Imagine your bags are packed for the getaway of your dreams. You rearranged your schedule, canceled meetings and lost hours of sleep planning every detail of it. You arrive at the airport two hours early, proceed through security, almost unable to contain your vacation excitement. Then disaster strikes, in flashing letters on the arrival/departure screens: FLIGHT DELAYED. Or, even worse: FLIGHT CANCELED.
Inclement weather can affect air travel in any season, even on the clearest of days. Whether it's high winds, rain, sleet or snow, each year brings a slew of delays that could severely cramp your travel plans. With some simple planning you can alleviate the frustration of last-minute itinerary changes and flight delays or cancellations so that a bad start (and bad weather) doesn't ruin your trip.
Get forecasts as soon as possible
Before you leave for travel of any kind, it's always a good idea to check the forecasts for your departure and destination city. For complete weather information and forecasts for just about any destination on earth, visit the Weather Channel. You can find weather maps, storm watch information and even a complete travel-specific weather section. Seasonal travel information, like foliage and ski reports, can also be found on this site. Enter a zip code, city or region to get the current forecasts, and even get 10-day local forecasts for over 70,000 destinations worldwide.
For climate information on a particular region, a good place to look is WorldClimate.com.
Bad weather there affects flight status here
Bad weather almost anywhere can wreak havoc with an airline's route schedule, as crews and planes that are stranded at one airport never arrive at subsequent airports, and a ripple effect occurs. When you learn of weather delays in important hub cities, it's time to call your airline to inquire of potential delays on your flight.
Reroute your connections
Sometimes the weather at your departure city and your destination can be fantastic, but your connecting city is a mess. Call ahead to see if you can reroute your connection flight through airports with no delays.
Say you're in California heading to Florida and your itinerary has a connection in Dallas, the site of heavy weather. Call your airline from California and ask to be rerouted through a different part of the country — Chicago, for instance. Your itinerary might get complicated, but at least you won't be sleeping in an airport!
Book morning flights
Morning flights are less likely to be delayed or canceled than evening flights. The logistical effects of heavy weather accumulate as the day goes on and more and more flights are delayed or canceled. Planes are more likely never to arrive, or to be put into the back of long lines for takeoff or landing as the day progresses.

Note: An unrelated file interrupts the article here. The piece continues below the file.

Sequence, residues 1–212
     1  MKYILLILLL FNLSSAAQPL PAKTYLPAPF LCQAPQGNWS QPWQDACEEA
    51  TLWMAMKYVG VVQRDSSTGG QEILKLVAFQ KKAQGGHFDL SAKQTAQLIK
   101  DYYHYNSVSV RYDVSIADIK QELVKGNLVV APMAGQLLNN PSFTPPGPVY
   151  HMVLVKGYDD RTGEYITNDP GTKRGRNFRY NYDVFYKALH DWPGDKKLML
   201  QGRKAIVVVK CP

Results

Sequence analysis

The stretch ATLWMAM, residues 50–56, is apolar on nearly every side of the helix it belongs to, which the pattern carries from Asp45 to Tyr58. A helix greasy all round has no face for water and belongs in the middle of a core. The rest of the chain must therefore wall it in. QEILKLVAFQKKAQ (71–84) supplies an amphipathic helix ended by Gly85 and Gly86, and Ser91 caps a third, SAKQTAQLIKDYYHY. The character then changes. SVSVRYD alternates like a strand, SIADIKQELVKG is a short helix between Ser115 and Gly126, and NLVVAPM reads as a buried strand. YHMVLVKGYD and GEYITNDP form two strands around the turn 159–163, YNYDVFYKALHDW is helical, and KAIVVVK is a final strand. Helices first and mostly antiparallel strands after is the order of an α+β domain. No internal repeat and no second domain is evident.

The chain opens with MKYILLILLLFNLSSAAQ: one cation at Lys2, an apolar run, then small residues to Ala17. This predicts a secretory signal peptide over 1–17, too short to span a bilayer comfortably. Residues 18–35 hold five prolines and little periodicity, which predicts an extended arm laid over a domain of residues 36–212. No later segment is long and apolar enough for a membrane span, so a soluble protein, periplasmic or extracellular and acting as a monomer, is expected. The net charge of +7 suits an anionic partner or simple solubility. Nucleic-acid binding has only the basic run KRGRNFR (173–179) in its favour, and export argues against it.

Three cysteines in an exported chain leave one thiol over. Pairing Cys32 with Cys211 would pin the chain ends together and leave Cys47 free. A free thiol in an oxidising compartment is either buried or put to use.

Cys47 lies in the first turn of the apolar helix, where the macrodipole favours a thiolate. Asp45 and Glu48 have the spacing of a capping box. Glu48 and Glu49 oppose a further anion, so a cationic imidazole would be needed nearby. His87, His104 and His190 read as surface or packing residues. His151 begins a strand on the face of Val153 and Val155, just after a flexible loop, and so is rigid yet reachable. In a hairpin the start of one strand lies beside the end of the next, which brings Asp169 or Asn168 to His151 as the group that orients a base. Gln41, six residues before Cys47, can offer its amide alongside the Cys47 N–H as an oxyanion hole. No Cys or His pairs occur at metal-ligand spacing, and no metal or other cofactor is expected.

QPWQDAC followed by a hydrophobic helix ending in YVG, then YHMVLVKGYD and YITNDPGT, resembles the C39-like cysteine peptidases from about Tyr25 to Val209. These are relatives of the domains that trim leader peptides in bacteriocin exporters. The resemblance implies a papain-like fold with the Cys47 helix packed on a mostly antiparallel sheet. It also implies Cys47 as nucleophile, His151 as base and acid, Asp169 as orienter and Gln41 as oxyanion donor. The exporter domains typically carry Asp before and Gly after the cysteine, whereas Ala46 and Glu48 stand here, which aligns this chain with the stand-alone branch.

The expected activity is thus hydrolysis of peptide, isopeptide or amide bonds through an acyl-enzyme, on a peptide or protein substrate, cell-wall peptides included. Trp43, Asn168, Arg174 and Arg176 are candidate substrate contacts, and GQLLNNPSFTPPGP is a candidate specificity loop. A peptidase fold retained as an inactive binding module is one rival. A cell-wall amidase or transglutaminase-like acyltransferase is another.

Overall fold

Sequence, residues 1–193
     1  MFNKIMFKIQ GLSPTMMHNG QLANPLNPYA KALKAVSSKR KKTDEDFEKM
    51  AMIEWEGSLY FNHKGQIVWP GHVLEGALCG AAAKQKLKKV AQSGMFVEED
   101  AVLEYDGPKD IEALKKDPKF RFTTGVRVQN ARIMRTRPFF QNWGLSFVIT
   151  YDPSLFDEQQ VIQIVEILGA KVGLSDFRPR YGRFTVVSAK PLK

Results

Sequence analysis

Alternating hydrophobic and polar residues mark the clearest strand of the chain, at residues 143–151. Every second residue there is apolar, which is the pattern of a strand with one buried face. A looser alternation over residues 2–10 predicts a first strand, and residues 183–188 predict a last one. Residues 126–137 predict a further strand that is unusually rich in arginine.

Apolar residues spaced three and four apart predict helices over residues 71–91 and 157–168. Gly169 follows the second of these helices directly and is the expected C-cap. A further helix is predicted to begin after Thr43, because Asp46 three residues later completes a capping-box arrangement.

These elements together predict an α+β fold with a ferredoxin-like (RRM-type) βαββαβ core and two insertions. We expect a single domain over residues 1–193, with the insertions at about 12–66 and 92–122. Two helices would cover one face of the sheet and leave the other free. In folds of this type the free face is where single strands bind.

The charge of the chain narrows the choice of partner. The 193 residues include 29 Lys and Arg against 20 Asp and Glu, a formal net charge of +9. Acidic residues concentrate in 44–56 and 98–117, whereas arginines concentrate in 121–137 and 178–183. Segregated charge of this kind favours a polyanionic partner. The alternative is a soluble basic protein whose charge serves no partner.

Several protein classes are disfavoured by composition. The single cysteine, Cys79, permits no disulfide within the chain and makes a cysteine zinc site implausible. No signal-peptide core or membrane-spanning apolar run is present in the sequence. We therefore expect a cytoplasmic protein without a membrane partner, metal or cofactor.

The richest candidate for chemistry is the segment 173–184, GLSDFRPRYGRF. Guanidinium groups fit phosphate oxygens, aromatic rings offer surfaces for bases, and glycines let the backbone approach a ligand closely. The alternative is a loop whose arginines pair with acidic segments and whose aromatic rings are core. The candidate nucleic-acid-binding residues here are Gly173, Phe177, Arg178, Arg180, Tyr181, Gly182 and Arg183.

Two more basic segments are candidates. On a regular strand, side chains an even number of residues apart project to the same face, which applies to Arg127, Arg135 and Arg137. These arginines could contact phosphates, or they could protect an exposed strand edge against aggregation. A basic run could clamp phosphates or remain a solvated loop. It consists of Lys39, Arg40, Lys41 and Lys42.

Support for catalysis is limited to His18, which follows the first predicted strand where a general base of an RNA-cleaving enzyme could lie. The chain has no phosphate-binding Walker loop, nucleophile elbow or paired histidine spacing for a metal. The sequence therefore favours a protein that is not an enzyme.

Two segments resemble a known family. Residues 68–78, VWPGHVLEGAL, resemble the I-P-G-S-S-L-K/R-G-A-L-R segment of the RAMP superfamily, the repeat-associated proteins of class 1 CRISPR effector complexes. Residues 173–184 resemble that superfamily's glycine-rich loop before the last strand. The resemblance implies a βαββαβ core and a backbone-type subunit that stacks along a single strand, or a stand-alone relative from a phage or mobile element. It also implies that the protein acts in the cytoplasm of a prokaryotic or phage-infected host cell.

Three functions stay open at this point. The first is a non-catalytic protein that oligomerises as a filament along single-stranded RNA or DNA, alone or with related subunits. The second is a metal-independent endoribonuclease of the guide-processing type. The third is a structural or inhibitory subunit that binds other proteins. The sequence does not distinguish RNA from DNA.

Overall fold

Act fast on hotel reservation changes
If you anticipate an unplanned layover, get to a telephone as quickly as possible to make hotel reservations. Even better — if you anticipate a layover in a connecting city further along on your itinerary, make a reservation immediately. If you wait until an entire airport's worth of stranded travelers are also scrambling to make reservations, chances are good that airport hotels will be sold out.
Call your airline early and often
Airlines typically update flight status information on a "just in time" basis; that is, they don't change official status until it's absolutely certain that there will be a delay. So just because they told you your plane is on time at 2 p.m. doesn't mean it will be 30 minutes later.
Scan departure screens
If you anticipate a delay, check departure screens for your flight. If there is a delay, look for an airline representative and ask for instructions before you head to check in. If there is a delay, it's time to call the airline.
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Use your airline's 800 number
It is often much faster, more convenient and more successful to use an airline's 800 number to make alternate arrangements than it is to stand in line. Not so long ago, this almost guaranteed you some satisfaction — for better or worse, most travelers have figured this one out and the stampede to the phones (or the sound of cell phones being whipped out) often accompanies every flight status announcement.
For those with remote Internet access, check FlightStats.com for up-to-the-minute weather and air delay information at major airports across the U.S. Also, most airlines now do real-time flight status updates on the Web. See Contacting Your Airline for numbers and direct links.
Don't stray too far from the gate
If you're already at the airport, gate agents may make important announcements not only concerning flight status, but of alternate flight options, lodging offers and more. Make sure you or someone in your traveling party stays near your gate to hear any important announcements.
Know your travel insurance
If you are considering purchasing travel insurance, understand that many travel insurance policies do not cover acts of God such as weather disasters. Check carefully with your provider before you buy.